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The Oera Linda Book, by Wiliam R. Sandbach, [1876], at

These are the Laws Established for the Government of the Citadels.

1. Whenever a citadel is built, the lamp belonging to it must be lighted at the original lamp in Texland, and that can only be done by the mother.

2. Every mother shall appoint her own maidens. She may even choose those who are mothers in other towns.

3. The mother of Texland may appoint her own successor, but should she die without having done so, the election shall take place at a general assembly of the whole nation.

4. The mother of Texland may have twenty-one maidens and seven assistants, so that there may always be seven to attend the lamp day and night. She may have the same number of maidens who are mothers in other towns.

5. If a maiden wishes to marry, she must announce it to the mother, and immediately resign her office, before her passion shall have polluted the light.

6. For the service of the mother and of each of the Burgtmaidens there shall be appointed twenty-one townsmen—seven civilians of mature years, seven warriors of mature years, and seven seamen of mature years.

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7. Out of the seven three shall retire every year, and shall not be replaced by members of their own family nearer than the fourth degree.

8. Each may have three hundred young townsmen as defenders.

9. For this service they must study Frya's Tex and the laws. From the sages they must learn wisdom, from the warriors the art of war, and from the sea-kings the skill required for distant voyages.

10. Every year one hundred of the defenders shall return to their homes, and those that may have been wounded shall remain in the citadels.

11. At the election of the defenders no burgher or Grevetman, or other person of distinction, shall vote, but only the people.

12. The mother at Texland shall have three times seven active messengers, and three times twelve speedy horses. In the other citadels each maiden shall have three messengers and seven horses.

13. Every citadel shall have fifty agriculturists chosen by the people, but only those may be chosen who are not strong enough to go to war or to go to sea.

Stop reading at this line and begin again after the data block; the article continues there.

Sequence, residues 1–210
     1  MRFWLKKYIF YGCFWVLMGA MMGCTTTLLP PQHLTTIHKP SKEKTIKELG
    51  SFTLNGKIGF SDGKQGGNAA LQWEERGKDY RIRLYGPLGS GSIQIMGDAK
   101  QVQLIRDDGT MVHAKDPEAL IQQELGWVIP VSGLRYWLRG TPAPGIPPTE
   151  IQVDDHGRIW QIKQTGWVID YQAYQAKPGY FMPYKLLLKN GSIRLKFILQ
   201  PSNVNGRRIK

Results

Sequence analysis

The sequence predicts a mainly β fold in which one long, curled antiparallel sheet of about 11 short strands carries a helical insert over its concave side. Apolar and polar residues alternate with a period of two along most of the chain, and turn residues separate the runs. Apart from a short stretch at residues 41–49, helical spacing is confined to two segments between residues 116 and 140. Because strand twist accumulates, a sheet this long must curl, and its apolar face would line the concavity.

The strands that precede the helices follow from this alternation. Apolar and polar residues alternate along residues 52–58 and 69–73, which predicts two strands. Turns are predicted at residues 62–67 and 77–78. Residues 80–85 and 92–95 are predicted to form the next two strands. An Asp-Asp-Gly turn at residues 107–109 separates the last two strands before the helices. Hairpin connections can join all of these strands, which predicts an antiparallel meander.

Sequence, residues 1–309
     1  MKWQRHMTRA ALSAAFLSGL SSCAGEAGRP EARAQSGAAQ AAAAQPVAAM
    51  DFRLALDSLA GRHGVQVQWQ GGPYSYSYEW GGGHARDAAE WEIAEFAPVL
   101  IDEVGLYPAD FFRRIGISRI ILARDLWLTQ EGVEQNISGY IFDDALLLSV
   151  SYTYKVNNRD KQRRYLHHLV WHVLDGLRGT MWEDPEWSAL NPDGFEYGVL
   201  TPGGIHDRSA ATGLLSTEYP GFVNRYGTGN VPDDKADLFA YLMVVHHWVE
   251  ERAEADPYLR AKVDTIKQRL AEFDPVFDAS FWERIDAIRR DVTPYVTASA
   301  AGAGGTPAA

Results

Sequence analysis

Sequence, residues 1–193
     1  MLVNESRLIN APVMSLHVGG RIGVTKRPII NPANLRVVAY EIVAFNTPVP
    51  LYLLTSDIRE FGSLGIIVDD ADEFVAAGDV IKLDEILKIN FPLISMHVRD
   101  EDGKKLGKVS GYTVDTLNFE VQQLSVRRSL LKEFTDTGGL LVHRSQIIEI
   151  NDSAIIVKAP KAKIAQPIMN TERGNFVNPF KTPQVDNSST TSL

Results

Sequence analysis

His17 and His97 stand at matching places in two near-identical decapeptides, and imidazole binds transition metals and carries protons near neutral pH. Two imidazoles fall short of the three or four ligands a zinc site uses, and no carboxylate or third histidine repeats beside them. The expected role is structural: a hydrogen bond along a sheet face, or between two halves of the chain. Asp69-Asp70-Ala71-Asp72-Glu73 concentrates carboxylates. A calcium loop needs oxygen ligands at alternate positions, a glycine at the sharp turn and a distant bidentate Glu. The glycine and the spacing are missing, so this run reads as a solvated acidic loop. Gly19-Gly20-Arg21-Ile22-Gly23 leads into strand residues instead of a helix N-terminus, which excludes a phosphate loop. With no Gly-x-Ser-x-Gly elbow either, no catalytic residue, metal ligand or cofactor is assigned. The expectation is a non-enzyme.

14. Every citadel must provide for its own sustenance, and must maintain its own defences, and look after its share of the general contributions.

15. If a man is chosen to fill any office and refuses to serve, he can never become a burgher, nor have any vote. And if he is already a burgher, he shall cease to be so.

16. If any man wishes to consult the mother or a Burgtmaid, he must apply to the secretary, who will take him to the Burgtmaster. He will then be examined by a surgeon to see if he is in good health. If he is passed,

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he shall lay aside his arms, and seven warriors shall present him to the mother.

17. If the affair concerns only one district, he must bring forward not less than three witnesses; but if it affects the whole of Friesland, he must have twenty-one additional witnesses, in order to guard against any deceptions.

18. Under all circumstances the mother must take care that her children, that is, Frya's people, shall remain as temperate as possible. This is her most important duty, and it is the duty of all of us to help her in performing it.

19. If she is called upon to decide any judicial question between a Grevetman and the community, she must incline towards the side of the community in order to maintain peace, and because it is better that one man should suffer than many.

20. If any one comes to the mother for advice, and she is prepared to give it, she must do it immediately. If she does not know what to advise, he must remain waiting seven days; and if she then is unable to advise, he must go away without complaining, for it is better to have no advice at all than bad advice.

21. If a mother shall have given bad advice out of illwill, she must be killed or driven out of the land, deprived of everything.

22. If her Burgtheeren are accomplices, they are to be treated in a similar manner.

23. If her guilt is doubtful or only suspected, it must be considered and debated, if necessary, for twenty-one weeks. If half the votes are against her, she must be declared innocent. If two-thirds are against her, she must wait a whole year. If the votes are then the same, she must be considered guilty, but may not be put to death.

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24. If any of the one-third who have voted for her wish to go away with her, they may depart with all their live and dead stock, and shall not be the less considered, since the majority maybe wrong as well as the minority.

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